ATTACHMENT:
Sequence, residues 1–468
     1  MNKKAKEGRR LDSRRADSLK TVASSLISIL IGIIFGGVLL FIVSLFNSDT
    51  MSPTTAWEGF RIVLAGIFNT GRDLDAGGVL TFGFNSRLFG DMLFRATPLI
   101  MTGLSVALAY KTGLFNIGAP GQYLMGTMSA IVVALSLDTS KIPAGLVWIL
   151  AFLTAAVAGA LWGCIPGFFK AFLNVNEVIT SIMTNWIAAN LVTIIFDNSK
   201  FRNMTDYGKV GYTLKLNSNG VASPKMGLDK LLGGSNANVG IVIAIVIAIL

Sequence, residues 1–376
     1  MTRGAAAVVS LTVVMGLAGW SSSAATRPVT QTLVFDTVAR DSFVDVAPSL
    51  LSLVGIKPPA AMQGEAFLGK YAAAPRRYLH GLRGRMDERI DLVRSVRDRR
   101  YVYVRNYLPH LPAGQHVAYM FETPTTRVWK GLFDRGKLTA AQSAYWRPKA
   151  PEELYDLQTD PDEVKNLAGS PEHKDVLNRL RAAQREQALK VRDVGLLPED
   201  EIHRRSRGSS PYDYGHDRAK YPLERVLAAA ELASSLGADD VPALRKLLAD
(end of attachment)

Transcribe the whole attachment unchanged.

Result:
Sequence, residues 1–468
     1  MNKKAKEGRR LDSRRADSLK TVASSLISIL IGIIFGGVLL FIVSLFNSDT
    51  MSPTTAWEGF RIVLAGIFNT GRDLDAGGVL TFGFNSRLFG DMLFRATPLI
   101  MTGLSVALAY KTGLFNIGAP GQYLMGTMSA IVVALSLDTS KIPAGLVWIL
   151  AFLTAAVAGA LWGCIPGFFK AFLNVNEVIT SIMTNWIAAN LVTIIFDNSK
   201  FRNMTDYGKV GYTLKLNSNG VASPKMGLDK LLGGSNANVG IVIAIVIAIL

Sequence, residues 1–376
     1  MTRGAAAVVS LTVVMGLAGW SSSAATRPVT QTLVFDTVAR DSFVDVAPSL
    51  LSLVGIKPPA AMQGEAFLGK YAAAPRRYLH GLRGRMDERI DLVRSVRDRR
   101  YVYVRNYLPH LPAGQHVAYM FETPTTRVWK GLFDRGKLTA AQSAYWRPKA
   151  PEELYDLQTD PDEVKNLAGS PEHKDVLNRL RAAQREQALK VRDVGLLPED
   201  EIHRRSRGSS PYDYGHDRAK YPLERVLAAA ELASSLGADD VPALRKLLAD